Photo credit: Forest News
An oil palm plantation in southwestern Cameroon. Cash crops like palm oil still fetch a higher price here than forest-carbon incentive programs like REDD+. Flore de Preneuf/PROFOR photo
REDD+ to the rescue of Central Africa’s forests? Not yet, study says
BY JOAN BAXTER
Unfortunately, with the current prices on the carbon markets, REDD+ does not bring significant additional benefits
Enforcing sustainable logging and assigning a monetary value to the carbon stored in forest concessions managed under the REDD+ mechanism will not be enough to curb deforestation in Central Africa.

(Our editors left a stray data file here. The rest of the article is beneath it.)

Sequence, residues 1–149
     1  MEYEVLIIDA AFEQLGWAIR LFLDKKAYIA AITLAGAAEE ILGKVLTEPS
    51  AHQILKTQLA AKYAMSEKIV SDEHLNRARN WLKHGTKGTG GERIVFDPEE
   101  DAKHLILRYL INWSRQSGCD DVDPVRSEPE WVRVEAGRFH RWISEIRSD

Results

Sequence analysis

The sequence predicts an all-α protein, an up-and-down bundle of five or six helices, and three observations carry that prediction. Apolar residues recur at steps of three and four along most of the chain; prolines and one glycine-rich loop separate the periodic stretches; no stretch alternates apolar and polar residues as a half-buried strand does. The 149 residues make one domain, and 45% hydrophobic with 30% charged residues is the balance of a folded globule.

Across the Congo Basin it is more profitable to cut down the forest and replace it with cash crops, and REDD+ schemes (Reducing Emissions from Deforestation and Forest Degradation) are of little help to reverse this trend, according to a new study.
Scientists from the Center for International Forestry Research (CIFOR) and CIRAD, a French agricultural and development research center, worked together to investigate the profitability of different uses of forest land in the Republic of Congo and Cameroon. The research was part of the FORAFAMA project to support the sustainable management of forests in the Congo Basin and the Brazilian Amazon Basin, funded by the French Facility for Global Environment (FFEM).
Research revealed the extent to which concessions in Cameroon and Congo are threatened by the push for agro-industrial plantations, primarily rubber and oil palm.
Read the full article: Forest News